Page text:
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Opening of 1865 Came Gloomy
The hopes of foreign intervention
had long since been looked upon as
a delusion. All ports except Charles
ton, S. C., and Wilmington, N. C.,
were now in the hands of the feder
als. But Lee's grim veterans lay in
their trenches still. Only about 28,
000 had been holding in check an
army of 125,000 well fed and well
equipped for months. It is useless
for me to undertake to tell what j
Lee's army endured in the trenches
at Petersburg from July 1864 until
Tongue car not tell it, pen can
not write it, the mind of man can
not grasp it unless he had been there
as a witness. No painter's brush could
paint it. Army of Northern Virginia,
soldiers of Lee, who fought beside
your captian until your frames were
?wasted, you are greater to me in
your wretchedness, more splendid in
your rags than the Old Guard of Na
poleon or the three hundred at the
Pass of Thermopylae. Neither famine
nor nakedness nor suffering could
"break your spirit. You were battered
and half starved, your forms were
?war-worn, but you still had faith in
Lee, and the great cause which you
hore aloft on the points of your bay
onets. You did not falter in the hour
of supreme trial, you meant to fol
low Lee to the last ditch, and die with
your harness on.
Did they or did they not fight to
the end and to the last ditch? Ans
wer, Wilderness, Cold Harbor,
Spotsylvania, Charles City, every
spot around Petersburg, when they
closed in death grapple with the
death grapple. Answer, winter of
1864, black spring of 1865. They
fought staggering, starving and fol
lowing, but defiant to the last.
Bearded men were seen to weep on
the ninth day of April, 1865, but it
was when they . heard that their
mighty chief had surrendered, which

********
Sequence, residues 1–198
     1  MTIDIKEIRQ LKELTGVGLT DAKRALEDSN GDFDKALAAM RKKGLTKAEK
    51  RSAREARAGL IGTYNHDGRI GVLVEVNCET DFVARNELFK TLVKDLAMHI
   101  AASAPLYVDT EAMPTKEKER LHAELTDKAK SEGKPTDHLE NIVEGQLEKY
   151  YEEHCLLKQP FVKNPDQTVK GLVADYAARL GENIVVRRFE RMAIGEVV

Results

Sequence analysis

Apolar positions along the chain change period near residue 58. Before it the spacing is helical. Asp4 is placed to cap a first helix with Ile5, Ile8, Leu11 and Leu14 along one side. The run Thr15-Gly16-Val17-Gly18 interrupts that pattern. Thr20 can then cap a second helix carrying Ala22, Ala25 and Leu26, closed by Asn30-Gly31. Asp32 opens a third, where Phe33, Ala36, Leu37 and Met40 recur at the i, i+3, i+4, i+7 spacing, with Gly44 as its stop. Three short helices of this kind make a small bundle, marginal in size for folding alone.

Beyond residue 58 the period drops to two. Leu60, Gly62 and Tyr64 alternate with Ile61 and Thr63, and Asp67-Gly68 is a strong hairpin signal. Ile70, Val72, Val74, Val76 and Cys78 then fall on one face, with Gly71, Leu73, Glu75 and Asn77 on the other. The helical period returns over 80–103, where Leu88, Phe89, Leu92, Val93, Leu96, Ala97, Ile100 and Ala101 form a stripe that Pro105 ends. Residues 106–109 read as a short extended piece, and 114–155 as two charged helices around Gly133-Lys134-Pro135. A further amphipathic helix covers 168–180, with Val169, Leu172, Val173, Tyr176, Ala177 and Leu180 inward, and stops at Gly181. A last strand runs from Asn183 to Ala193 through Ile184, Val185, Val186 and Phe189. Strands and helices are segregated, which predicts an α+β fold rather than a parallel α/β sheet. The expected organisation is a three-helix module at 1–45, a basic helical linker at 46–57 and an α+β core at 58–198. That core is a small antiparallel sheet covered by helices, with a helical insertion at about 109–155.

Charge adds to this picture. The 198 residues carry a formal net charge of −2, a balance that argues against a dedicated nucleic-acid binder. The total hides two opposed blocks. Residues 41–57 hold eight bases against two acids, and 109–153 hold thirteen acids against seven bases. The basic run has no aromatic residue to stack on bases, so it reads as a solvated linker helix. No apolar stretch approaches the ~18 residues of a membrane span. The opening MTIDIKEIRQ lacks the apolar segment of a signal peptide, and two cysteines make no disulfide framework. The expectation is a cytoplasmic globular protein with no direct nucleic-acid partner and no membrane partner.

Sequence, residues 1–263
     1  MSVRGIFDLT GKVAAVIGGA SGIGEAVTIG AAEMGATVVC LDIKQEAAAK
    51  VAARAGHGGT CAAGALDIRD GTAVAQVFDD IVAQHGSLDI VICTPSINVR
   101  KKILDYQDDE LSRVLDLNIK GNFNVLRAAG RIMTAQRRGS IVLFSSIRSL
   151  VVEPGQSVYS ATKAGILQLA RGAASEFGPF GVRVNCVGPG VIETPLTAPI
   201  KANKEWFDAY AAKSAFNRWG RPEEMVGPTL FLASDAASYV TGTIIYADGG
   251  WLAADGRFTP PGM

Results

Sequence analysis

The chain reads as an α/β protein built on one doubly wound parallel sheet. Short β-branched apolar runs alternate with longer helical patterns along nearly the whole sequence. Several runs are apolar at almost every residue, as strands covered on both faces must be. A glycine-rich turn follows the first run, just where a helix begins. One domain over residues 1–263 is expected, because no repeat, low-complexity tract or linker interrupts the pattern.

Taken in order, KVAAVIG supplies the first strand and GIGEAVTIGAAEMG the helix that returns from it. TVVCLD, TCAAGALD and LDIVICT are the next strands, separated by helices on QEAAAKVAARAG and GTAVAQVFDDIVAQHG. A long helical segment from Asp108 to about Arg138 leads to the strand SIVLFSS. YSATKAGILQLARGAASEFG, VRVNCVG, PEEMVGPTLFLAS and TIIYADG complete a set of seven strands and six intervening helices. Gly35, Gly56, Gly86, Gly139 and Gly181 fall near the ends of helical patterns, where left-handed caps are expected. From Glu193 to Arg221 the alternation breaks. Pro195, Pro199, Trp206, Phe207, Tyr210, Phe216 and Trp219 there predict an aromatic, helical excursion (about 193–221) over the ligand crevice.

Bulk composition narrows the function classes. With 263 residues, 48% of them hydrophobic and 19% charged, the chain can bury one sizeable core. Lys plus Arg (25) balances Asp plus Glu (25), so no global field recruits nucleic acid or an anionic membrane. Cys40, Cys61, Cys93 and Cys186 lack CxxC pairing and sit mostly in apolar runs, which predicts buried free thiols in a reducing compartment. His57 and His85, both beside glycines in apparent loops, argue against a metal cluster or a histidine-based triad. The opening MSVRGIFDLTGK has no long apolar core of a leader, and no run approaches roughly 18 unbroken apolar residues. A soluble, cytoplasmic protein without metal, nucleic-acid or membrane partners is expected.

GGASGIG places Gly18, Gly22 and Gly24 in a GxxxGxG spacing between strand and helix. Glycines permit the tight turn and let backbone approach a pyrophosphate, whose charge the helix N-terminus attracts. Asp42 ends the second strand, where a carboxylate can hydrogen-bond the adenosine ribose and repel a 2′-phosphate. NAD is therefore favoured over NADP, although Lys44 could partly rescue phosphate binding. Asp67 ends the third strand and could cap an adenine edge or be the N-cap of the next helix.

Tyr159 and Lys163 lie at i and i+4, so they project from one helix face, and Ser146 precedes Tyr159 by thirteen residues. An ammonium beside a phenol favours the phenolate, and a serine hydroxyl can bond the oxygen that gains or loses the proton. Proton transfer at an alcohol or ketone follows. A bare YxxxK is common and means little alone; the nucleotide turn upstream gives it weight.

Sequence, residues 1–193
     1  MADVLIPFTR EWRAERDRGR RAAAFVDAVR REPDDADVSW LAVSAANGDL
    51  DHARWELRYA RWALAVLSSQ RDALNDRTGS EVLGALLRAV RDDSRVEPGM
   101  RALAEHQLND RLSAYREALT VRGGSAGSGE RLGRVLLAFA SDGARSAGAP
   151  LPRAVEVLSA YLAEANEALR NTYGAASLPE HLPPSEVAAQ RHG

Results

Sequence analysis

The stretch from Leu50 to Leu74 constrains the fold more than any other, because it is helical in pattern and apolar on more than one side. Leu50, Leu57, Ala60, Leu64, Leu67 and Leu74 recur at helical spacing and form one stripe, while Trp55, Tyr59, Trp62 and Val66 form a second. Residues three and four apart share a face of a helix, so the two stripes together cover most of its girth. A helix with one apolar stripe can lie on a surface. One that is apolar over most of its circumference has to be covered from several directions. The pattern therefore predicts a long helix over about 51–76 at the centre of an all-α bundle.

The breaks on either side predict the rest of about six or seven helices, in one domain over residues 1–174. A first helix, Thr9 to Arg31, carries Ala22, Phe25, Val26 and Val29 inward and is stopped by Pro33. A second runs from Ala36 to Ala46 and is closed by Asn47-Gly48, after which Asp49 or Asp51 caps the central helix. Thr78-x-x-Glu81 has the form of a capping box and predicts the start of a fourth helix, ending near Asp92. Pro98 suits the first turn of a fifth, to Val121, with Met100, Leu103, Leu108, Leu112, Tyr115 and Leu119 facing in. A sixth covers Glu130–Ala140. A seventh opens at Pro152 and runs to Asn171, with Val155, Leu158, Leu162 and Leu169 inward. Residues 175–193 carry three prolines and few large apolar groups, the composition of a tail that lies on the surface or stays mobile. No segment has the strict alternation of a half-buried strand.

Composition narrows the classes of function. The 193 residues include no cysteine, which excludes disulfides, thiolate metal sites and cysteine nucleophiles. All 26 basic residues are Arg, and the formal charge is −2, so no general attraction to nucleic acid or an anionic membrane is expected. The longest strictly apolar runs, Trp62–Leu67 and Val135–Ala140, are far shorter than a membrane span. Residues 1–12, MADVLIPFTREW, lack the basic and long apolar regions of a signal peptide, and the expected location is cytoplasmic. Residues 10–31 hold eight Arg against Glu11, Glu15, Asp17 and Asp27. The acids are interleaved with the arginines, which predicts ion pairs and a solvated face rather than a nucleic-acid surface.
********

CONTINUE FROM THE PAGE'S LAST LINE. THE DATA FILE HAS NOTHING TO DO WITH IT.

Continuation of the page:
?wrung their hearts and brought
tears to grim faces.
The Crater, with its ?5,000 pounds
of powder did not scare them. As
soon as the men fell back these same
gray veterans swarmed like bees to
the mouth of the Crater and filled
it with Yankees and negroes.
You may speak of the dreadful
horror of war; Sherman was right
when he said "War is hell." Grant
thought he would blow up our lines,
cross over through the crater, but not
so. It turned to be a death trap for
the federals. Their loss, according to
their own report was between five
MAS WILL J
WE CAN SAT
Our Great St(
in Order tc
WE HAVE C
WORD WE S
ABLE AS WE
AND THE B
EDGEFIELD, SOUTH CA
and six thousand. The confederate
captured nineteen battle flags in and
about the crater. The blowing up of
the lines at Petersburg has been giv
en up as the most cowardly act of
the war. An army of 155,000 men,
well equipped and fed, confronting a
line of 28,000 men! And the only
?way was to blow them up, but they
fell back fighting. X
April the 9th dawned with a
gloomy outlook. It was then that bay
onets were affixed to muskets, arms
stacked and cartridge boxes unslung
and hung upon our stacks. The torn
and battered battle flags were leaned
against the stack. The emotion of the
soldiery was really sad to witness.
Some who had carried and followed
those ragged standards through four
years of strife, rushed from the
ranks, bent about their old bullet
torn flags and pressed them to their
lips. The flags which they still car
ried were objects of undisguised af
fection. These banners had gone
down before overwhelming numbers;
torn by shells, riddled with bullets
and laden with powder and smoke of
battle. These high mettled men began
to cut the flags from the staffs and
hide them in their bosoms, as they
met them with their burning lips.
They wanted to keep them, as they
wanted to keep the old canteen with
a bullet hole through it, or the rusty
gray jacket that had been torn by a
canister. They loved those flags as
a mother loves her first-born, and will
love them forever, as mementoes of
the unparalleled struggle, and be
cause they symbolized the bloodshed
and glory of nearly a thousand bat-1
ties. But they had to let those flags
remain in the stack because General ;
Lee said so.
Thus the Southern army melted
away; the flag went down in its ?
grave at Appomattox and the brave
fellows laid down their rifles for the
hoe, the saber for the plow and the :
sword for the pen, and revived. And i
they have made the land of Dixie
blossom as the rose.
J. RUSSEL WRIGHT. 1
A Good Opportunity.
Columbia, Dec. 20.-The extension
department of the University of
South Carolnia is promoting a series 1
of reading circles throughout the ,
state, as part of a nation-wide move- ,
ment for reading circles, the exten
sion department having been named '
as the agency for promoting the plan -
in South Carolina.
These reading circles are open to !
all citizens of the state, without any
DAYS THAT REMAIN BEFO
JE BUSY DAYS WITH THE
FLYING THE HOLIDAY NEE
STOUR SHOPPING WILL NOT
AT OUR STORE BECAUSE OF <
T OF DEPENDABLE MERCHA
iE YOU MONEY ON EVERY F
>ek Reduction SJ
> Close Out all V
UT EVERYTHING TO AND BI
ER WAS A TIME WHEN T
LE THEIR MONEY COUNT FC
STMAS SHOPPING THAN RIG
OUR STORE AND WE CAN PR
AY. SOMETHING USEFUL AIN